Restaurants crippled by COVID seek extension to repayment of CEBA loan
Facing inflation, labour shortages and a pandemic hangover, restaurants are struggling to repay the CEBA loan
The Canada Emergency Business Account was a life-preserver for many restaurants and bars during the pandemic, as many were effectively shut down or forced to pivot their business model on the fly.
Now, Restaurants Canada is seeking relief from that relief — a three-year extension to repay the loans.
Leslie Echino, owner and operator of three Annabelle’s Kitchen locations in Calgary, received $180,000 in repayable loans through CEBA, aid that was critical to staying afloat amid lockdowns and health orders. On Dec. 31, repayment of the loans will become due.
“Hopefully numbers stay strong through spring and summer for all locations so we can pay that back . . . but that’s going to definitely wipe out the bank accounts for two of the locations,” she said.
Annabelle’s entered the pandemic debt free, but now has more than $500,000 in red ink.
Repayment of CEBA has become difficult over the past 16 months in the face of inflation, workforce shortages and a sector that is still struggling to recover from the pandemic. The latest blow is the federal beer, wine and spirit excise duty is set to jump by 6.3 per cent on April 1, the largest increase in more than 40 years.
Annabelle’s Kitchen in Marda Loop has actually performed quite well, as loyal customers rallied around it throughout the past three years. This location, which opened six months before the pandemic, largely kept the other two restaurants from going under and will have no trouble paying back its $60,000 loan.
Stephen Avenue locations suffering
The other two locations are a different story.
The two Stephen Avenue establishments — which includes a full service restaurant and a small 400-square-foot lounge called Bar Annabelle — have been hammered. They are only back to 50 to 60 per cent of pre-pandemic numbers.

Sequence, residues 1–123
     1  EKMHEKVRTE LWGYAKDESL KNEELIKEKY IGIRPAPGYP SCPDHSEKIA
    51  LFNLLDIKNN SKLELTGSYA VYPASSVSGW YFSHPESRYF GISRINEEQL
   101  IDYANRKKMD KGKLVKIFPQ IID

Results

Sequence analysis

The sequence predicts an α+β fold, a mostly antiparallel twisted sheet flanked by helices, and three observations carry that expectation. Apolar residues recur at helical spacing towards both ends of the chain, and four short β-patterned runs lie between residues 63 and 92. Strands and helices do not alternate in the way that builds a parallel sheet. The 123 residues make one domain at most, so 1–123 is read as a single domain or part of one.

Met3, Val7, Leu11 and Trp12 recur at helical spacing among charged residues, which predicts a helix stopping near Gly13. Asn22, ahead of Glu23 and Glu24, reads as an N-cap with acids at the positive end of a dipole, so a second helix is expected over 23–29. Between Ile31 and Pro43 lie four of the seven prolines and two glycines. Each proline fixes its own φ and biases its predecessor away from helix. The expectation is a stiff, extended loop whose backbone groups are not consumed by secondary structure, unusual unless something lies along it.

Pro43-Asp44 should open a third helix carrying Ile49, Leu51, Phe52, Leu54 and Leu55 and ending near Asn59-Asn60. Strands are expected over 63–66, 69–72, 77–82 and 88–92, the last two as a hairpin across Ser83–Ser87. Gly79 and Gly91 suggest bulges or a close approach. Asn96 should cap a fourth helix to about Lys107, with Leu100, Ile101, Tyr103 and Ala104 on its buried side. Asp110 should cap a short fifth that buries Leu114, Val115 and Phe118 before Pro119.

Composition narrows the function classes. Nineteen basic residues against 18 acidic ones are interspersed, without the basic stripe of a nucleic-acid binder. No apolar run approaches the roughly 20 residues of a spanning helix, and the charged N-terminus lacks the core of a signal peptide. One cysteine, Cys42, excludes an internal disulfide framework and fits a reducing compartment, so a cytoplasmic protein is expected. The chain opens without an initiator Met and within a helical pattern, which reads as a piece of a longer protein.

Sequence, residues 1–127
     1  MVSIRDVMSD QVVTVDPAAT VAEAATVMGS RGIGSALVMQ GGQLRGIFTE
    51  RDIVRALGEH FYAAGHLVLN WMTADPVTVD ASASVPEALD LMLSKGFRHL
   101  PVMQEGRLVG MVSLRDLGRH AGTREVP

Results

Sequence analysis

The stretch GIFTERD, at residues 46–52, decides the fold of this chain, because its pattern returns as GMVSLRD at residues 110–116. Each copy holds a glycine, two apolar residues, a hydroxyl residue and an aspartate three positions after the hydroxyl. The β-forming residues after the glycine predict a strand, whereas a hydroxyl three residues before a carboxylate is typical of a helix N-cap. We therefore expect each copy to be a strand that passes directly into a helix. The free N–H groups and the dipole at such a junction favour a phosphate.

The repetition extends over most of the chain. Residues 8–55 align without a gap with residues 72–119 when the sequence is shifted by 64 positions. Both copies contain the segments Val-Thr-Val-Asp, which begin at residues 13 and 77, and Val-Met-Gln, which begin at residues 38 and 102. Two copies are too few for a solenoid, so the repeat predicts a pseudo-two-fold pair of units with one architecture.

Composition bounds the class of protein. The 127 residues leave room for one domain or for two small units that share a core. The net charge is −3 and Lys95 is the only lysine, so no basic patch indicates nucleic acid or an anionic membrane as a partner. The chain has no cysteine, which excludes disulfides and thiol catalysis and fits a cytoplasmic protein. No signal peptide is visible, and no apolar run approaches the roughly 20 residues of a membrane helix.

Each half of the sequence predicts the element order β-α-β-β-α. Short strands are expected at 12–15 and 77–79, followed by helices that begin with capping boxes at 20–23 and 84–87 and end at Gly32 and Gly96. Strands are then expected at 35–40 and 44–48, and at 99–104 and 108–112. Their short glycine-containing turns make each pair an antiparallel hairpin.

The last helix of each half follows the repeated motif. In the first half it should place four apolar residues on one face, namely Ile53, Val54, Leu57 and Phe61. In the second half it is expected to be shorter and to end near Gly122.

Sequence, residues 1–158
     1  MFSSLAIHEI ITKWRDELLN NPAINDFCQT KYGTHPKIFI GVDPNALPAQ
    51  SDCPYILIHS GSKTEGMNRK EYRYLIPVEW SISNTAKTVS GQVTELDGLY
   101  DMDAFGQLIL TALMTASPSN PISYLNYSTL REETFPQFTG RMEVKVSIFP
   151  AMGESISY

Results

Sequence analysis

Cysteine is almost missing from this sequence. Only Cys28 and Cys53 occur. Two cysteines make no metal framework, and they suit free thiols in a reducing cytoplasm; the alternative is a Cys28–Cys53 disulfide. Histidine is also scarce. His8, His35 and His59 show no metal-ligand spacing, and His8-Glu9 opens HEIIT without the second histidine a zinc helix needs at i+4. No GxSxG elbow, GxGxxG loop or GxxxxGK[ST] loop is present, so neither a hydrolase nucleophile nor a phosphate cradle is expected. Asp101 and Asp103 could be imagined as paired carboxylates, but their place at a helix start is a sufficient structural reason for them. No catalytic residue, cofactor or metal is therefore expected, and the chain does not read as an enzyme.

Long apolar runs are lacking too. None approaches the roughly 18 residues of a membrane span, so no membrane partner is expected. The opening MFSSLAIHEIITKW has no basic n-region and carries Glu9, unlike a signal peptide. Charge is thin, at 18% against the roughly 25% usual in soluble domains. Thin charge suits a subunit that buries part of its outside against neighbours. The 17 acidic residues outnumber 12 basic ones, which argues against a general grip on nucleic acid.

“For two and a half years, I don’t even think we were able to open the door,” said Echino.
Bar Annabelle was particularly challenging to open due to its small size and customer concerns over the spread of COVID. She said it was open for about 10 days during the pandemic, usually just for private events.
The bills, however, did not stop.
With business slow to return to the downtown, their recovery has lagged.
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“I think we all can see it with our own eyes that downtown has not bounced back as quickly as neighbourhoods,” she said.
Echino also took on debt through the Highly Affected Sectors Credit Availability Program, which was available for small- and medium-sized businesses that had a 50 per cent or more drop in revenue due to COVID-19. HASCAP offered loans between $250,000 to $1 million to cover operational cash flow and carries a four per cent interest rate, repayable over 10 years.
Ernie Tsu, president of the Alberta Hospitality Association, said an extension would be welcome news for the sector. He said while some restaurants are set to pay it back on the current due date, many are not.
“The majority of our restaurants are still trying to fight back out of the last two years of debt and, coupled with the CEBA loans, it’s a lot,” he said.
Businesses were eligible to apply for up to $60,000 in repayable loans through CEBA, and 898,271 businesses across all sectors did so. The federal government approved $49.2 billion in total funds through CEBA.
According to Restaurants Canada, an advocacy group for the food-service sector, 83 per cent of table service restaurants and 56 per cent of quick-service restaurants received a loan through the program, though 20 per cent will not be able to repay the loan in part or at all by the deadline.
Restaurants Canada is lobbying the federal government to include provisions in its budget due out on March 28 for a repayment extension.
Currently, if CEBA is not repaid by the end of 2023, five per cent annual interest kicks in. There is also debt forgiveness criteria attached to CEBA of up to 25 per cent on the first $40,000 and 50 per cent on amounts between $40,000 and $60,000 if a certain portion is repaid before Dec. 31.
Restaurants Canada said they are not looking for a straight extension, but rather a trade-off on the forgivable portion with a reduction of five per cent every six months, creating an incentive to pay back the loans as quickly as possible.
Mark von Schellwitz, vice-president of Western Canada for Restaurants Canada, said 64 per cent of its members have had to cut back operating hours due to the labour shortage — pegging the current job openings at 18,000 in Alberta.
He noted labour costs have increased 12 per cent, food costs are up 15 per cent and insurance has jumped 20 per cent, while rent, taxes, interest rates and utilities have also spiked.
“Pre-pandemic, on average, you had about 13 per cent of restaurants that were not profitable or just barely breaking even. That exploded to well over 40 per cent now,” said von Schellwitz. “Without generating that revenue, it’s making it really difficult to repay those loans on time.”
He added 13,000 restaurants have been shuttered since the start of COVID and one-in-four independent dine-in restaurants are not expected to recover, numbers that would have been much higher without CEBA.
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